Beta-blockers may be able to treat mitral valve regurgitation medically and prevent the early stages of heart failure often seen in these patients — without valve-replacement surgery, according to University of Alabama at Birmingham and Auburn University research published in the Aug. 28, 2012, issue of the Journal of the American College of Cardiology.
Degenerative mitral valve disease, usually related to a severe form of mitral valve prolapse, is responsible for most cases of mitral regurgitation, which affects more than 3 million people in the United States. The disease can affect heart function, cause the heart to enlarge and ultimately lead to heart failure and death.
“Moderate or severe mitral regurgitation is the most frequent form of valvular disease in the United States and is often seen in older people. An estimated 2.5 million people were affected in 2000, a number expected to double by 2030 due to the aging population,” says UAB cardiologist Louis A. Dell’Italia, M.D., associate chief of staff for research at the Birmingham Veterans Affairs Medical Center. “However, we also see patients in their 30s and 40s with it. If we can manage this disease early with medications, we can prevent damage to the heart muscle so that when a patient does need surgery to repair or replace the mitral valve, the recovery can go better because their heart is in better shape.”
Beta-blockers are best known for their use in treating hypertension and cardiac arrhythmias and for use immediately following a heart attack to protect the heart muscle from more damage by diminishing the effects of adrenaline and other stress hormones.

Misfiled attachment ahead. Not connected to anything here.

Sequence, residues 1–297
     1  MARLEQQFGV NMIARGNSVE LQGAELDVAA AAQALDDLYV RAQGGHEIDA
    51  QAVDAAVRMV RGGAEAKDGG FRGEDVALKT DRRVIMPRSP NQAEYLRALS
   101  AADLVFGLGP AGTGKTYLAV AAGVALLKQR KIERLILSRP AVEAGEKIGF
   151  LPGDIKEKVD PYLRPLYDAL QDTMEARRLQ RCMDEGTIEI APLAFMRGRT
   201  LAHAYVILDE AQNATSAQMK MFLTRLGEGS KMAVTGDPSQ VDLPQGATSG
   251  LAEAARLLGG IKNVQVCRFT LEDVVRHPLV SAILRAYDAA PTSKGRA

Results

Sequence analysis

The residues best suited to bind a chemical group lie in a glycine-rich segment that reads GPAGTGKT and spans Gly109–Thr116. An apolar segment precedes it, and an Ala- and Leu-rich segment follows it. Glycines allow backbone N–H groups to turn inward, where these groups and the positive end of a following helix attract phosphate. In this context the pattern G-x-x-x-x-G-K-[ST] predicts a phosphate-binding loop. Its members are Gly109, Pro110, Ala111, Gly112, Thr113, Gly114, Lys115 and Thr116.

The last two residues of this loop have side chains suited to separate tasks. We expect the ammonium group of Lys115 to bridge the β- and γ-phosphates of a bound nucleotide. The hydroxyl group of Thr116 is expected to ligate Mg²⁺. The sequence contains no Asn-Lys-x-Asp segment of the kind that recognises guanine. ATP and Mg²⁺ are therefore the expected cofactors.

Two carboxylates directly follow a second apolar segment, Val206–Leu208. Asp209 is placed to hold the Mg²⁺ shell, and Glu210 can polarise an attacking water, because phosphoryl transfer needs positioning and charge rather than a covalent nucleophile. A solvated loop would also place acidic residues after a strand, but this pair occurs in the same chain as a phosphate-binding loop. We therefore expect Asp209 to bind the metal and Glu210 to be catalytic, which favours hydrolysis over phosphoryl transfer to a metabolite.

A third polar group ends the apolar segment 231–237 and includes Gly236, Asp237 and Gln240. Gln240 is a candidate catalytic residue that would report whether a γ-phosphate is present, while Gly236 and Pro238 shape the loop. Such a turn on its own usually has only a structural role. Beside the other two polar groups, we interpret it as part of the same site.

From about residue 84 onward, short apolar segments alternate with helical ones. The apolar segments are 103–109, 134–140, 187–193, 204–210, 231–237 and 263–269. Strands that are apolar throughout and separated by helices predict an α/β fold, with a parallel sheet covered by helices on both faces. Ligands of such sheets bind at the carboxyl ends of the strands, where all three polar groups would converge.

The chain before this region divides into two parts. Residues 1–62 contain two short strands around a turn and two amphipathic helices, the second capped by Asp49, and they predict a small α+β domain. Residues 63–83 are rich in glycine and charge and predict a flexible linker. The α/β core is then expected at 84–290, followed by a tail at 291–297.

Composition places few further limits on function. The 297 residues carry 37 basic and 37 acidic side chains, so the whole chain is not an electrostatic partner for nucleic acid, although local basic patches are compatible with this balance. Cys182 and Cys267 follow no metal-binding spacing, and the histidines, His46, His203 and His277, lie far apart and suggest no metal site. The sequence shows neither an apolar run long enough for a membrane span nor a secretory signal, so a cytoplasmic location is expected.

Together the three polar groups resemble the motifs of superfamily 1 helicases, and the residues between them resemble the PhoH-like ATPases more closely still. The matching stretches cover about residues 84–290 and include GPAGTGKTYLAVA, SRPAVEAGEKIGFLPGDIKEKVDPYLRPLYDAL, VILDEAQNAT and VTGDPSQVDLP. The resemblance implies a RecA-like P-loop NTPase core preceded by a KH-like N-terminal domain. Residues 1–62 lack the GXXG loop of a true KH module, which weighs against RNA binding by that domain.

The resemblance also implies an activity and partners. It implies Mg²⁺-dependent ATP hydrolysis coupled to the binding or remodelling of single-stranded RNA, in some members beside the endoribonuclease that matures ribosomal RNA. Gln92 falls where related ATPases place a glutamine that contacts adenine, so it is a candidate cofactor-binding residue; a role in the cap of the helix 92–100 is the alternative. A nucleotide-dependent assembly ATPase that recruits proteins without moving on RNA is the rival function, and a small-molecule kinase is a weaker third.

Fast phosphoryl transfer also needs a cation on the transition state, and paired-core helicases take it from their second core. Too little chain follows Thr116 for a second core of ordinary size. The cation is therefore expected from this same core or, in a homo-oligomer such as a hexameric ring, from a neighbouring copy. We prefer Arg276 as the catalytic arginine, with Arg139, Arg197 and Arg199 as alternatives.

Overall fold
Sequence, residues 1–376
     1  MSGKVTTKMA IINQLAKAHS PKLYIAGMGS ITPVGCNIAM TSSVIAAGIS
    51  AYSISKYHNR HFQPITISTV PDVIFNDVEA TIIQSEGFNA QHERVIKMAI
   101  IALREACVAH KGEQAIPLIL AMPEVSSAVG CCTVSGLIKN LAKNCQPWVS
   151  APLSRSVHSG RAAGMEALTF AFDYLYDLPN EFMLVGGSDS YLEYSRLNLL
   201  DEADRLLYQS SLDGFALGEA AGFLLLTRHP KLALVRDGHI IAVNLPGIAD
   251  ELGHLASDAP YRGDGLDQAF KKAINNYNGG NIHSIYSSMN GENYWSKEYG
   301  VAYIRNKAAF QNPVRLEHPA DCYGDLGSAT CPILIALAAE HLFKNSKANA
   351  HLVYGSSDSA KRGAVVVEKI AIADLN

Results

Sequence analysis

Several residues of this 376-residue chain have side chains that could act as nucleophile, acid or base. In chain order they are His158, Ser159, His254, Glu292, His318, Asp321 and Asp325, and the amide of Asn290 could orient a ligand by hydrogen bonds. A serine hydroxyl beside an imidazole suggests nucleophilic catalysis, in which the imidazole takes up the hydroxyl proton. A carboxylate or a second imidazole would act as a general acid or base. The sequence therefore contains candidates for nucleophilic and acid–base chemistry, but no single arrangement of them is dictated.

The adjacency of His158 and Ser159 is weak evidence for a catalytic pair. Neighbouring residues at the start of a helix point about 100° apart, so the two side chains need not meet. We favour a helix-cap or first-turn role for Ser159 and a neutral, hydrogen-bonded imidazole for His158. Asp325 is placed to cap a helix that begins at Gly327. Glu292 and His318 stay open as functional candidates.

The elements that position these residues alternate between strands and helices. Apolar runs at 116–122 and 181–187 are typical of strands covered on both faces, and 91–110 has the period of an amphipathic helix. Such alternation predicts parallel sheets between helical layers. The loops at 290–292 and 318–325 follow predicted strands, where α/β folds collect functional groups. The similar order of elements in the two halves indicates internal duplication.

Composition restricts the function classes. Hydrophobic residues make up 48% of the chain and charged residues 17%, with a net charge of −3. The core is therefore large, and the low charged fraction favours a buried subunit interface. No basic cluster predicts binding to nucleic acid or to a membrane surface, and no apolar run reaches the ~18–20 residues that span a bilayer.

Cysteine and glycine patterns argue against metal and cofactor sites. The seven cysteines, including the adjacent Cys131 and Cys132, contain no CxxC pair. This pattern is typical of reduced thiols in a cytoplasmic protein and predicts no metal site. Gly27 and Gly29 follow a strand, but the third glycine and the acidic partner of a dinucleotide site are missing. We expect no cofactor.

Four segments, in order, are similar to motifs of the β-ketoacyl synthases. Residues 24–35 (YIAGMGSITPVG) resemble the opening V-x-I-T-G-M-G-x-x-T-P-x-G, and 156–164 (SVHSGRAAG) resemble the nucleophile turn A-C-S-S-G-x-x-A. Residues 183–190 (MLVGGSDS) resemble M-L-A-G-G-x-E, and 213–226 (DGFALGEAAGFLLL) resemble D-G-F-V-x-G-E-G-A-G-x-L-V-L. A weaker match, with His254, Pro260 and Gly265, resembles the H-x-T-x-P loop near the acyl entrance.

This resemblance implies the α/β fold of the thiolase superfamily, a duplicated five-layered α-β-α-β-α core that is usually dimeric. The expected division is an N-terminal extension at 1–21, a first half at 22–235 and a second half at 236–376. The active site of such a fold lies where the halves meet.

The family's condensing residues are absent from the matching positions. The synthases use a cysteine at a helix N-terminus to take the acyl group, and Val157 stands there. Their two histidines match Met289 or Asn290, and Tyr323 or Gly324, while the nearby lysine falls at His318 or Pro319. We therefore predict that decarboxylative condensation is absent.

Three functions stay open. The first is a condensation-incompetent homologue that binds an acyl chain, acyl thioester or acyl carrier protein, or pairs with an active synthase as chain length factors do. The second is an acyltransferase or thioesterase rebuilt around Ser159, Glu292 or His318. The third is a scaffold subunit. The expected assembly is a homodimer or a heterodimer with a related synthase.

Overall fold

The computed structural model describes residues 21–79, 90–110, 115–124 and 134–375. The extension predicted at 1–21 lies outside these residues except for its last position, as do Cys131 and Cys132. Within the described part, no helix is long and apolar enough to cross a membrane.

The UAB research team published findings seven years ago demonstrating that using beta-blockers in animal models also diminished adrenaline in the hearts of animals with mitral regurgitation and prevented muscle damage. The current study sought to test those findings in humans with mitral regurgitation.
|Degenerative mitral valve disease, usually related to a severe form of mitral valve prolapse, is responsible for most cases of mitral regurgitation, which affects more than 3 million people in the United States.|
“We know from previous research that biological changes in the heart occur in patients with degenerative mitral valve disease well before we can see structural changes through standard cardiac imaging with echo, MRI or CT scans,” Dell’Italia says. “We do not know if the cause of the disease within the valve itself is due to a genetic defect or is a response to the wear and tear on the valve itself. We do know that blocking the adrenaline in animal models significantly improved heart muscle function.”
The research team looked at 38 asymptomatic patients with moderate-to-severe mitral regurgitation. Half were randomized to a placebo, and half received a beta-blocker. Magnetic resonance imaging of each patient’s heart was performed at the beginning of the study and at six-month intervals for two years. Progression of a patient’s mitral valve disease was judged on heart function and size at those six-month intervals.
“Everything we saw in these patients was exactly what we saw in the animal models,” Dell’Italia says. “The beta-blockers significantly improved heart function during a two-year follow-up in the human patients also. These findings provide empirical support for using beta-blockers in patients with chronic degenerative mitral regurgitation. The next step is a large multi-center clinical trial to confirm these effects on a larger patient population.”
Lead author Mustafa Ahmed, M.D., of the UAB Division of Cardiovascular Disease, says the team also plans to look at using beta-blockers in patients with mild mitral regurgitation to see if treating patients earlier can prevent progression even more.
“Treating people early is almost a preventive concept,” Ahmed says. “But we believe we have shown through this research physicians can keep patients from needing surgery longer using a drug that in the end also protects the heart muscle and makes for a better surgical outcome.”